“But I’m judged on performance once a quarter, not once a decade!”
The reaction from fund managers who are assessed every few months against market performance will likely be that short-term losses will trump any associated long-term gains. They have a point. This can only be addressed strategically. But what can change the balance between short and long term performance in favour of the latter?
… they have a point. This can only be addressed strategically
While Transition Investment – Why now? highlights some important longer term trends, these are accompanied by changing paradigms about economics, finance and investment that will change the balance (some new, some turning full-circle). They include a shift in the balance of power towards the ends of the investment chain, the result of various innovations, including cryptocurrencies and peer-to-peer lending and investment, as well as a re-assertion of governance by customers in customer-owned financial institutions.
Moreover, finance is not an island: it sits within a wider governance framework, in turn responsible to society.
The direction of investment is, or should be, influenced by personal responsibility, morals and ethics, by guidance and regulation, by tax, if necessary by the law, and through clarifications and evolutions on aspects such as fiduciary duty (the duty of care to investors and so wider society). These feedback mechanisms will increasingly push change from short term trading towards long term investment, as the consequences of inaction become increasingly apparent. The main issue is whether it will be fast enough.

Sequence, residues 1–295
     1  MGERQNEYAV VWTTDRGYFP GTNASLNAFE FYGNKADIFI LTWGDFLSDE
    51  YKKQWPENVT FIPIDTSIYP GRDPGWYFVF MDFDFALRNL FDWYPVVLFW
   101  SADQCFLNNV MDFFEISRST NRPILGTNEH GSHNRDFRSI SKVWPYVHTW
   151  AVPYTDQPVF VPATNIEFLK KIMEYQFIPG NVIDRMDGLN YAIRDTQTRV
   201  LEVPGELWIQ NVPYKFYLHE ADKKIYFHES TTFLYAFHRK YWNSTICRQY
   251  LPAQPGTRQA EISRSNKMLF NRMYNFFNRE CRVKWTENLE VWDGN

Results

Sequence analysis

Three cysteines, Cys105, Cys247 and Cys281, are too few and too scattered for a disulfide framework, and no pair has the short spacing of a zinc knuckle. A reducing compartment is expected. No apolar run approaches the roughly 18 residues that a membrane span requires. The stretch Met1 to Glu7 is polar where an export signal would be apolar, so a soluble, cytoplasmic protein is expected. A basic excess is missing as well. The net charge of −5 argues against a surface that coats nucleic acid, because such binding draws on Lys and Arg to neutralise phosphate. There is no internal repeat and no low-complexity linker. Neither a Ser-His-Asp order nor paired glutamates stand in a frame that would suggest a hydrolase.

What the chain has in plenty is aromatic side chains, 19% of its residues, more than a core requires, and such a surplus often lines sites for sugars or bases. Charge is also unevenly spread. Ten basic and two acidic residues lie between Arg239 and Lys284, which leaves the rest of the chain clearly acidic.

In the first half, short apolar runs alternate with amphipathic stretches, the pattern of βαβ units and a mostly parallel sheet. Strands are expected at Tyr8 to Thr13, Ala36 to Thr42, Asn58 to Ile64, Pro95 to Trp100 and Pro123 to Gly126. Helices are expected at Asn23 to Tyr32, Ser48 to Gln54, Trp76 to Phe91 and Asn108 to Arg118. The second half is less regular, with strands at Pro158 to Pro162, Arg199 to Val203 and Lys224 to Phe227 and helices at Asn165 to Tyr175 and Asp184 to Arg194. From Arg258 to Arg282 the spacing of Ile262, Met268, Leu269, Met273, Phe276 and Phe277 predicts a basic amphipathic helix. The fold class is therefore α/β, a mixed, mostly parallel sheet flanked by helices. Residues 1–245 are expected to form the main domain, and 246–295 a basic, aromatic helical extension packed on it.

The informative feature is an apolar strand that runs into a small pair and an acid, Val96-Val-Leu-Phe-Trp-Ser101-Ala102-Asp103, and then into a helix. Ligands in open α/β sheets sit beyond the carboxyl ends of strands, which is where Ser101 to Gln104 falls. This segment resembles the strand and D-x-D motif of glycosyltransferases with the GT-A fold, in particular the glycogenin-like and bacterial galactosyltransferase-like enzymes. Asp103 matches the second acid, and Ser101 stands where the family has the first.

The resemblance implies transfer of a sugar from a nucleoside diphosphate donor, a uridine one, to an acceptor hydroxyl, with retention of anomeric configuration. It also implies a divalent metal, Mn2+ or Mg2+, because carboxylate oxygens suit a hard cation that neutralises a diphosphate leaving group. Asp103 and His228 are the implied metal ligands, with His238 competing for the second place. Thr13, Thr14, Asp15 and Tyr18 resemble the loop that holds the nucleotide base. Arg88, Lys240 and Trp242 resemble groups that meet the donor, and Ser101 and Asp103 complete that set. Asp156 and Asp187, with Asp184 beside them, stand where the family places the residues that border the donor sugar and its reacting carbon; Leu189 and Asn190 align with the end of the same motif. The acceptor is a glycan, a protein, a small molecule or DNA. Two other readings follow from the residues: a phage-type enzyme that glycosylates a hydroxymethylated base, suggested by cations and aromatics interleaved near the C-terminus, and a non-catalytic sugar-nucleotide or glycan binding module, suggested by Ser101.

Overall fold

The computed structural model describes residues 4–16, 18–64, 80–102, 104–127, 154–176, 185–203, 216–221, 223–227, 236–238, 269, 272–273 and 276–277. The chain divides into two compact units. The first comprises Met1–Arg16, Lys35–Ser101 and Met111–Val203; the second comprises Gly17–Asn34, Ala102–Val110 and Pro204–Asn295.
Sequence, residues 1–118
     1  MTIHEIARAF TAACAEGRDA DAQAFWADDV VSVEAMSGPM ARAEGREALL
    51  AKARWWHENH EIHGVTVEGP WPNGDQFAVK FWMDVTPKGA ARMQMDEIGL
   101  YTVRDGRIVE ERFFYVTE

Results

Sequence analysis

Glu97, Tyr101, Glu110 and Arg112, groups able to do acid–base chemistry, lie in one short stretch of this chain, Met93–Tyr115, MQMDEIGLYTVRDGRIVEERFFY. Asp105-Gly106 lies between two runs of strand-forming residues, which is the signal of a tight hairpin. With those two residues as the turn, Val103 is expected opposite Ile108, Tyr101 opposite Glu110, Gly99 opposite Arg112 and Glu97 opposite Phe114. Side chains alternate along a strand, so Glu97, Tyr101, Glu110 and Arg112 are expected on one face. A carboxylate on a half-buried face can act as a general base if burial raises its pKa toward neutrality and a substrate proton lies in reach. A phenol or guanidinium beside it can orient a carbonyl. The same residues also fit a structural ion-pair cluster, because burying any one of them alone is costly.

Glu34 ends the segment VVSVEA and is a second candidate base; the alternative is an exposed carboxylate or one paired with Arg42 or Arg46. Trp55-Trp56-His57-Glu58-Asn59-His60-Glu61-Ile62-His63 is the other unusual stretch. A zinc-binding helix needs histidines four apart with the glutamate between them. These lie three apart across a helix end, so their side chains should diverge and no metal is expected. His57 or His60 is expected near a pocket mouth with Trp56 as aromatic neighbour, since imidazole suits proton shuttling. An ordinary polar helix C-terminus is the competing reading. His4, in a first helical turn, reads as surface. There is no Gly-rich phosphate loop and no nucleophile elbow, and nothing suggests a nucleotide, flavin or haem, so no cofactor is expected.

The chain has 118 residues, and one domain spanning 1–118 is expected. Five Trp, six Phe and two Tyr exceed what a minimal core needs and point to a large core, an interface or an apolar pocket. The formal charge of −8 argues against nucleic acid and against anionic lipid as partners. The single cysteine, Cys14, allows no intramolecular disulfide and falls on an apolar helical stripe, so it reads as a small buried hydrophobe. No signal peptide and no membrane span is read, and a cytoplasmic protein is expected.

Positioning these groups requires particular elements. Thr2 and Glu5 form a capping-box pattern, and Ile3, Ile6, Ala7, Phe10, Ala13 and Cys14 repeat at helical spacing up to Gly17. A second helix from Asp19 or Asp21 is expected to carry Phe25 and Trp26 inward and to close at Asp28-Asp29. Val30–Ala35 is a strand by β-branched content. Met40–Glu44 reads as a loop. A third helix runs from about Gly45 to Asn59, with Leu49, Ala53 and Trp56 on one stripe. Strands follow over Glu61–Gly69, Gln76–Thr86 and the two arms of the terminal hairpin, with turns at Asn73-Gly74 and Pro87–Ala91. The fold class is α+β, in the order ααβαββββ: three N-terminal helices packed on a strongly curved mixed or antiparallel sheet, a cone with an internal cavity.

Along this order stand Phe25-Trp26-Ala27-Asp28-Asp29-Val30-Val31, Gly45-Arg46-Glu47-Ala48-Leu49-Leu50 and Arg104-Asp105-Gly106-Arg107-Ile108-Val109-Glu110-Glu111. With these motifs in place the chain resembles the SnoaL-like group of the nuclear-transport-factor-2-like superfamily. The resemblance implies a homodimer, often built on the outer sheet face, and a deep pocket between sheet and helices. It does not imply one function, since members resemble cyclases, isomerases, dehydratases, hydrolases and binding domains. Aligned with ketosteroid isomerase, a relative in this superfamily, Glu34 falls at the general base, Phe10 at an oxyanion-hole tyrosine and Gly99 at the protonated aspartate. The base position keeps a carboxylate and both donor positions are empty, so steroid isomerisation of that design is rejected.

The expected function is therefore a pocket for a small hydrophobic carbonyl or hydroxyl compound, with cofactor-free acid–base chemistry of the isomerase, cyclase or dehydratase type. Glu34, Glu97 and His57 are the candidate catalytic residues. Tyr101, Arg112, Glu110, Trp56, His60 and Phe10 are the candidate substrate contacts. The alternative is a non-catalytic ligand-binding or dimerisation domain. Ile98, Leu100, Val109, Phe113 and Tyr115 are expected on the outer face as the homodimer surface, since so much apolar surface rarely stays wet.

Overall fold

Ultimately, by definition, financial valuations and wider measures of ‘true value’ will converge: the challenge is to minimise the losses in both by capturing this future ‘true value’ in current financial value.
Engaged investors and financial institutions can already work towards those ends, but to be more effective they need market failures to be addressed. That includes smarter governance frameworks that set clear goals and measure outcomes, but leaves the means of achieving them open.
Governance needs to ensure that market diversity is increased and lower the barriers to entry; it must avoid creating financial entities that are ‘too big to fail’. When those goals are achieved the sector will be able to provide mutual cover for failure rather than rely on tax payers.
Active governance is also required to implementing the fiduciary duty of care for the interests of fund holders (individuals and pension funds) and society more broadly.
Last are the actions by government that indirectly affect the investment environment. That includes creative taxation policies that tax ‘bads’, making tax avoidance a virtue; along with guarantees that help unlock other investment, research funding and the governance of innovation to ensure that needs are met, along with the wider steps that help smooth the way to a some nine or ten billion people living well by the year 2050.
Updated from Future Business, Long Finance, 2014, MMG/SNJ